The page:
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In the News

This roundup summarizes some notable recent items about scientific research, selected from news reports compiled in Sigma Xi’s free electronic newsletters Science in the News Daily and Science in the News Weekly. Online: and

Animals sans Oxygen

The salty depths of the Mediterranean Sea are home to the first known anaerobic animals. Measuring just a hundredth of an inch long, three new members of the phylum Loricifera spend their lives in oxygen-starved sea sediments. To convince themselves that these surprising creatures were really alive, biologists confirmed that in the lab, the loriciferans absorbed dyes and incorporated radiolabeled amino acids into their cone-shaped bodies. Electron microscopy revealed that the new species lacked mitochondria, but were replete with hydrogenosomes—metabolic organelles previously known only from anaerobic single-celled organisms.

Danovaro, R., et al. The first metazoa living in permanently anoxic conditions. BMC Biology 8:30 (April 6)

Kudzu Smog

Add air pollution to the list of kudzu’s evildoings. The invasive vine (Pueraria montana) has taken over millions of acres in the eastern and southern United States. Symbiotic bacteria in the plant’s roots incorporate atmospheric nitrogen into the soil, where other microbes metabolize it to nitric oxide—an ozone precursor. Researchers found that, in the summer, soil in three kudzu-infested plots released twice as much nitric oxide as three kudzu-free plots. Based on atmospheric models and a worst-case kudzu invasion, the authors figure that the vine could boost ozone levels above air-quality limits for seven extra days per summer.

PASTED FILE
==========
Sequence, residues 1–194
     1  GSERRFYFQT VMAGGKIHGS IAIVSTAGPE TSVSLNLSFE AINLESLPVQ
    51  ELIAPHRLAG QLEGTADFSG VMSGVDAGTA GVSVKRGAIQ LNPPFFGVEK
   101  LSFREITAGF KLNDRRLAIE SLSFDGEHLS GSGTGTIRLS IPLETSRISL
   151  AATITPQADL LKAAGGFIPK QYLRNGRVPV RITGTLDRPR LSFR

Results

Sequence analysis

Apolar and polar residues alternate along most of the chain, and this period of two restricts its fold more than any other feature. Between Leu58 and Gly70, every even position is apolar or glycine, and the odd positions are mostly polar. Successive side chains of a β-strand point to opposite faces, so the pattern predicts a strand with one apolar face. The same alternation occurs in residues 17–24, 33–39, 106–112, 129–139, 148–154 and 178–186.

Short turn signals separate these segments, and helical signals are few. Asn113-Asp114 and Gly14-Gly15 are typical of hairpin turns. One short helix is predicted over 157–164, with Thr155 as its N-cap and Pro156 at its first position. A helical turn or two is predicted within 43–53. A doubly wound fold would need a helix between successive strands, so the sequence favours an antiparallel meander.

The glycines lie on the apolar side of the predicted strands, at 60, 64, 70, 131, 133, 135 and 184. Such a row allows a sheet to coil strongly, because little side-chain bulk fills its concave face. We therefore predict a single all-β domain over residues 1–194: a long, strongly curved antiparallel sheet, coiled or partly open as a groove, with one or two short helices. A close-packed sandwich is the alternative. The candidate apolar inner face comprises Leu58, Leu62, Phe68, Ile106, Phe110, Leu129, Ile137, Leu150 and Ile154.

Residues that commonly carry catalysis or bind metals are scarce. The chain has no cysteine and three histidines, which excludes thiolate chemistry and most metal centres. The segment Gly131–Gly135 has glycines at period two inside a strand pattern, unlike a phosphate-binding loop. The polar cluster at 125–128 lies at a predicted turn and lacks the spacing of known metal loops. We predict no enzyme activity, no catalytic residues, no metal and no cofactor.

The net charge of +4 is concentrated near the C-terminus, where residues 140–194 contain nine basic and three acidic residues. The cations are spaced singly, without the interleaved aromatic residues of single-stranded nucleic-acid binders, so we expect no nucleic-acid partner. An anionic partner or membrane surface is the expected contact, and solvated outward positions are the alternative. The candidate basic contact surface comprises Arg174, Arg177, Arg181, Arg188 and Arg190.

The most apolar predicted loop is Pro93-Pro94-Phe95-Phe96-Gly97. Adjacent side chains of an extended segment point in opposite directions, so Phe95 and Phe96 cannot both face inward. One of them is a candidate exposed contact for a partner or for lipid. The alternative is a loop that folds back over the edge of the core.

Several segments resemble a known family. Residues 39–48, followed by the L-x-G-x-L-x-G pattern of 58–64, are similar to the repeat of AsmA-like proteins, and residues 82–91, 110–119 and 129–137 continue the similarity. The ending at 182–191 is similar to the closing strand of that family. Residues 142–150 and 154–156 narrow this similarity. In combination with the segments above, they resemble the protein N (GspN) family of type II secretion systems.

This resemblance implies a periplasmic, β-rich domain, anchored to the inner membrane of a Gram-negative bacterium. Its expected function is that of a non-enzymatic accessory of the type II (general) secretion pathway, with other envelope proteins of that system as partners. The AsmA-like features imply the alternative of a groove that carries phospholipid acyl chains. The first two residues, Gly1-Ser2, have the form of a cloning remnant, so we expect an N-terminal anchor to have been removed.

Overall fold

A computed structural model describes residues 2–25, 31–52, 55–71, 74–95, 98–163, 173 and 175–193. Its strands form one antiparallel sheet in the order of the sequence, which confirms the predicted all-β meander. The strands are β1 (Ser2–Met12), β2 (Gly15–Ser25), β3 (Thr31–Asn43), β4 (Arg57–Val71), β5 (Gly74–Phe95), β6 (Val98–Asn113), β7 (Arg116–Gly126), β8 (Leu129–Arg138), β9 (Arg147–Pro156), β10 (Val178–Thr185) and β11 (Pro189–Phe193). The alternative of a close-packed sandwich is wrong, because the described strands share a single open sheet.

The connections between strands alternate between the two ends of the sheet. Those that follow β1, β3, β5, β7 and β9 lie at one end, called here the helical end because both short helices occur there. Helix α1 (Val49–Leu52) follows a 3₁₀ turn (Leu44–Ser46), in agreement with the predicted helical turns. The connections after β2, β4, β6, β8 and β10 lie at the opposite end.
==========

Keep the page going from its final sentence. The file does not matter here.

Hickman, J. E., et al. Kudzu (Pueraria montana) invasion doubles emissions of nitric oxide and increases ozone pollution. Proceedings of the National Academy of Sciences (published online May 17)

Ball Lightning Solved?

Despite thousands of eyewitness reports, the nature—and even the existence—of ball lightning remains uncertain. Now a pair of physicists claims that the orbs of light might be storm-induced hallucinations. A clinical technique known as transcranial magnetic stimulation focuses a magnetic field on parts of peoples’ brains and can cause them to perceive glowing bubbles of light. Calculations reveal that a lightning strike pulsing back and forth between cloud and ground could generate a comparable field, causing hallucinations of ball lightning among observers up to a tenth of a mile away. The authors speculate that such illusions could account for up to half of ball-lightning sightings.

Peer, J., and A. Kendl. Transcranial stimulability of phosphenes by long lightning electromagnetic pulses. Physics Letters A (published online May 12)

Fountains in Palenque